Rubin "Hurricane" Carter, the star prizefighter who became a symbol of racial injustice after being wrongly convicted of murder, has died at the age of 76.
His longtime friend and co-defendant in those wrongful murder convictions says the cause of death was prostate cancer. The former boxer was reportedly receiving treatment in Toronto before he passed away. (Via Fox News)
While Carter was known for his ferocious style in the ring — tallying 20 knockouts in his professional career and nearly winning the middleweight title in 1964 — his most memorable fight would ultimately be against the legal system in the state of New Jersey.
Hurricane Carter spent nearly two decades in prison after he was wrongly convicted twice of murdering three people at a tavern in Patterson, New Jersey in 1966. Eventually, both of those jury verdicts were overturned on different grounds of prosecutorial misconduct. (Via CTV)
The New York Times explains that misconduct included: "recanted testimony, suppressed evidence, [and] allegations of prosecutorial racial bias" for "resorting, without evidence, to the racial revenge theory" since "Carter was black and shooting victims were white."
Carter's situation gained international notoriety after he was convicted on the same murder charges again only nine months after his first conviction was overturned.
His story became engrained in pop culture after Bob Dylan released the song "Hurricane," which defended Carter's innocence and vilified the prosecution and police. That song would become a Top 40 hit in 1976. (Via Rolling Stone)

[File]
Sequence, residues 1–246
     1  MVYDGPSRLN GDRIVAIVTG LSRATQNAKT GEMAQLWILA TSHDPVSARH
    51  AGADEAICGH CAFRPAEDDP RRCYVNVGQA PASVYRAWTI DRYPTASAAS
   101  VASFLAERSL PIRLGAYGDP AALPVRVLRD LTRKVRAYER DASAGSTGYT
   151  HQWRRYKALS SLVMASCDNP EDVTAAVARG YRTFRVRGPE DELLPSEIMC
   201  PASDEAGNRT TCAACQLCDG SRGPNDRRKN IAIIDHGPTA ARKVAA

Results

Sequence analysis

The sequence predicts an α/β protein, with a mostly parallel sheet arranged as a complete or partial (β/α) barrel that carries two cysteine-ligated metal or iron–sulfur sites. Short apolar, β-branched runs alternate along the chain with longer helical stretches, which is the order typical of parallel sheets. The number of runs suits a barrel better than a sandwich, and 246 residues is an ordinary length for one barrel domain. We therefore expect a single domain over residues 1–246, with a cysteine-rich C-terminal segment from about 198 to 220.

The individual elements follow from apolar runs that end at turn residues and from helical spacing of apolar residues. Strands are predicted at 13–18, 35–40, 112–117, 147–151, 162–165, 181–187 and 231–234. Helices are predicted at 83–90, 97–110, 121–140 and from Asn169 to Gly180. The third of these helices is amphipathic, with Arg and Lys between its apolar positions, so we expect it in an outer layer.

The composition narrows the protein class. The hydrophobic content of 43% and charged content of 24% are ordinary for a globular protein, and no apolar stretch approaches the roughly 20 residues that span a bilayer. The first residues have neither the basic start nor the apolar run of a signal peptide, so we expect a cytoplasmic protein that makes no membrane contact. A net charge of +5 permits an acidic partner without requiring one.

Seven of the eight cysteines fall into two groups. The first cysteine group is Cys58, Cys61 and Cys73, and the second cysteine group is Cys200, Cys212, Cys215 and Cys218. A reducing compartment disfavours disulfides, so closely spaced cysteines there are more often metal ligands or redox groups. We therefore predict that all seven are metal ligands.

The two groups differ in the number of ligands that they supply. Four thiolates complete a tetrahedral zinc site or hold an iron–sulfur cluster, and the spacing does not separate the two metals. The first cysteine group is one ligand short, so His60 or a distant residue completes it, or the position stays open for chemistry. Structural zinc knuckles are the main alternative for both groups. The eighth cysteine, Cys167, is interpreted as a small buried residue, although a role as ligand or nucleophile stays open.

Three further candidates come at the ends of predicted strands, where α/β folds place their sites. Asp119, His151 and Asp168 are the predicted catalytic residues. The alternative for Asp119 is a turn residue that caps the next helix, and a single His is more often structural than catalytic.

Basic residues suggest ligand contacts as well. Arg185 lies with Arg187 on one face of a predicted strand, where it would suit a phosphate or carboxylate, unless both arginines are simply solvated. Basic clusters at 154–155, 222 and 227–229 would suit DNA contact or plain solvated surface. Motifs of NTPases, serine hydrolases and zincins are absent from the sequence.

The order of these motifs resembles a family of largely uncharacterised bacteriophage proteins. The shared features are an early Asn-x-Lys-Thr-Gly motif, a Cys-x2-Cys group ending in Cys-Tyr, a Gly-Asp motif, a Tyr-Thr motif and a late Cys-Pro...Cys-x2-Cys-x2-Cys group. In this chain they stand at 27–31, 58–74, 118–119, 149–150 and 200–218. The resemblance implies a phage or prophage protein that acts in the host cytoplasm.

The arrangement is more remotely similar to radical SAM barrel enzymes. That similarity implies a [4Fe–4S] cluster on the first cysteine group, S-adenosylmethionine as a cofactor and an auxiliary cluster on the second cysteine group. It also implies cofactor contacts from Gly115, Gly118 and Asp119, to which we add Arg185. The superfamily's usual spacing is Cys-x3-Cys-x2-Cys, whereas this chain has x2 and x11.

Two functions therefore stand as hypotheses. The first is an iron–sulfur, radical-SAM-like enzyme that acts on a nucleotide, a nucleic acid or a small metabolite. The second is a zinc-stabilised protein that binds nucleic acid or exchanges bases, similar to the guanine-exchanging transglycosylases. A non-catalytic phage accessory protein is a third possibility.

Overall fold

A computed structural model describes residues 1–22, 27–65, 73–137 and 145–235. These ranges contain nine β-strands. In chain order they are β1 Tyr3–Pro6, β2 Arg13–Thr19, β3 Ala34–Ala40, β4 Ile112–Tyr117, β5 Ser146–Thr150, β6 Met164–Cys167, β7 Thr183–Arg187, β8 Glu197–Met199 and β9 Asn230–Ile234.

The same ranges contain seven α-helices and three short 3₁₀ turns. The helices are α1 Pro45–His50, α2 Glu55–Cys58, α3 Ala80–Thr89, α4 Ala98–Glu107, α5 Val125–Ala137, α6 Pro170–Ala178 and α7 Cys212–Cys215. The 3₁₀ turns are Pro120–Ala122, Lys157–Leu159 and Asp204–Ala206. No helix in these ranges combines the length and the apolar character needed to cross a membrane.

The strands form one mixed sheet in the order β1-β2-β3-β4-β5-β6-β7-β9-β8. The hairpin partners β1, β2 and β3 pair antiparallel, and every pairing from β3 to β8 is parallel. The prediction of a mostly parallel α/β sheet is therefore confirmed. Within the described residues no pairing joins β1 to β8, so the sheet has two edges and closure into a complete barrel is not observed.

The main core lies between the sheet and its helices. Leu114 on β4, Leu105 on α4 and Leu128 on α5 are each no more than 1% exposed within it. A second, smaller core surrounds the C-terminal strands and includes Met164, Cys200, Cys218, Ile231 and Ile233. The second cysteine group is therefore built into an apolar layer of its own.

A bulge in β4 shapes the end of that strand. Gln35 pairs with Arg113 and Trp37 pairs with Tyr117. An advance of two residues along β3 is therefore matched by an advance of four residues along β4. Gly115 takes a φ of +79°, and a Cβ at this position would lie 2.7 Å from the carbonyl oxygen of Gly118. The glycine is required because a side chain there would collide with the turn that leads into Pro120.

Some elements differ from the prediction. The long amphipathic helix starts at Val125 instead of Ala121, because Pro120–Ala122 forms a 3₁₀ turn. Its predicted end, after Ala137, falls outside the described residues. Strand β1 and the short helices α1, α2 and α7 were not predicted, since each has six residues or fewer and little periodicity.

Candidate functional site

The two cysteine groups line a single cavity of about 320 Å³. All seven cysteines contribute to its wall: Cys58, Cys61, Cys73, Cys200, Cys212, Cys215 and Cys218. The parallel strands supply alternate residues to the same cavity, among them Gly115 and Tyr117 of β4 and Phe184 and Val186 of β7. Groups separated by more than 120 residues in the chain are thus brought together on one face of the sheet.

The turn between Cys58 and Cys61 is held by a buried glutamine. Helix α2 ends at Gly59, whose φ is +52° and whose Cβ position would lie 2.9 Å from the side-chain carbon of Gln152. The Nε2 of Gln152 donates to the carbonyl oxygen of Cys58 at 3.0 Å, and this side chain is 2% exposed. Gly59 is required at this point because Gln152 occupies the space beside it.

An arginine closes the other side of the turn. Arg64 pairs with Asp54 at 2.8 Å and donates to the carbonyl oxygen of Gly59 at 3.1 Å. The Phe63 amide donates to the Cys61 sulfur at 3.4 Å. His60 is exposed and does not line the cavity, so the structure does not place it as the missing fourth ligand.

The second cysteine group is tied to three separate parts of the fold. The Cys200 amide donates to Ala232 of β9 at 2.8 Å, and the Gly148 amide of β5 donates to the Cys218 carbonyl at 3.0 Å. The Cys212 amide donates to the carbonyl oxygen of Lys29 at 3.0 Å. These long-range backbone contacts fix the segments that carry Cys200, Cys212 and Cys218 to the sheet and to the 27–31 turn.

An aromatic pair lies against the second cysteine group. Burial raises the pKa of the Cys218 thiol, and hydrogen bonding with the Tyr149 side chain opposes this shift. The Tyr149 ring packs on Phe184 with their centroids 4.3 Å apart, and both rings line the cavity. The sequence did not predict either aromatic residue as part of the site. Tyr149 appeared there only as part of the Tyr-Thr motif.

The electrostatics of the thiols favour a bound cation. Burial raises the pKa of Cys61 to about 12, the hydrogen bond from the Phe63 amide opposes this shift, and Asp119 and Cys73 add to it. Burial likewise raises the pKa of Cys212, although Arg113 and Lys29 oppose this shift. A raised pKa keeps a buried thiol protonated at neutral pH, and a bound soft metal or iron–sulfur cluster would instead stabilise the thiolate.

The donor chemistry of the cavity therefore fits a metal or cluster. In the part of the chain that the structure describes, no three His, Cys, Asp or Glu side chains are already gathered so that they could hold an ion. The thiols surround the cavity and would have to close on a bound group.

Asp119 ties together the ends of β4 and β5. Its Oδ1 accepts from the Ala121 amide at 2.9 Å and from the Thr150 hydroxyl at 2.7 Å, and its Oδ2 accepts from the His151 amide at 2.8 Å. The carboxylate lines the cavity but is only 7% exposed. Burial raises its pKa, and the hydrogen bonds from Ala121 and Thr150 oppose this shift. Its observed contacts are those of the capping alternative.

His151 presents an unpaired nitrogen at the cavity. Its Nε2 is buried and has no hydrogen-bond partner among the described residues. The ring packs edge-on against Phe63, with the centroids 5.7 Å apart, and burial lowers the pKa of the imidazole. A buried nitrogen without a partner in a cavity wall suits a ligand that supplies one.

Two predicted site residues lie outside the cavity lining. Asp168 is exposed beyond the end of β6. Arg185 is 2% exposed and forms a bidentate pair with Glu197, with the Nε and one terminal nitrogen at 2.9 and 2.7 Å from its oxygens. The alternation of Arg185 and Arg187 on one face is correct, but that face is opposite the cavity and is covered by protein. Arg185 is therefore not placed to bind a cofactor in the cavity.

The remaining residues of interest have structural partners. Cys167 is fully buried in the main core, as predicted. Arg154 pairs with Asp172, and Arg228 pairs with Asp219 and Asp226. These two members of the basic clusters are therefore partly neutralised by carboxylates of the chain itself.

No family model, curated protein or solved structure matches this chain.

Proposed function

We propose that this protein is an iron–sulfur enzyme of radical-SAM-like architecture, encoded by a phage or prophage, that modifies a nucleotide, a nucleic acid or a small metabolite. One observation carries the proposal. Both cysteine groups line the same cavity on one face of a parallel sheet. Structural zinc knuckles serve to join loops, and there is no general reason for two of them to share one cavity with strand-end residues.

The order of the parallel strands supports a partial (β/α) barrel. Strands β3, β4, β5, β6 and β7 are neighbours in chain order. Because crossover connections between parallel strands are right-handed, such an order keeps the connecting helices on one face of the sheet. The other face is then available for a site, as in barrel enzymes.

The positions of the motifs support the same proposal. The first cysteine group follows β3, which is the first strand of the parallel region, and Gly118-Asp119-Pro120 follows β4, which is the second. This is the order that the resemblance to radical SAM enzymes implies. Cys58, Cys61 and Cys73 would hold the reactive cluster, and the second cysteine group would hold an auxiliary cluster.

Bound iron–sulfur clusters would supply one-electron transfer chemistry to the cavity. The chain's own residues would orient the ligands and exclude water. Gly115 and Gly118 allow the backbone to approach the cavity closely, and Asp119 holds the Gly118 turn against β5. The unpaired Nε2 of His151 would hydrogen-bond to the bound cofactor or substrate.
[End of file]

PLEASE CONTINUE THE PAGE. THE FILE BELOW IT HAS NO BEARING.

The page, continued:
More recently Carter's story was the subject of a movie. The 1999 film "The Hurricane" starred Denzel Washington, who was nominated for an Academy Award for the role.
All charges against Carter were finally dismissed in 1988 even though the prosecution pushed to reinstate the charges again after they were overturned for a second time.
Carter founded Innocence International in 2004, a nonprofit organized aimed at helping those who may be wrongly convicted. In his final weeks, he penned an Op-Ed called Hurricane Carter's Dying Wish asking a Brooklyn attorney to revisit the case of a person who may be wrongly convicted. (Via HLN)
“If I find a heaven after this life, I’ll be quite surprised ... [O]n this planet .. I lived in hell for the first 49 years, and have been in heaven for the past 28 years. To live in a world where truth matters and justice, however late, really happens, that world would be heaven enough for us all.” (Via New York Daily News)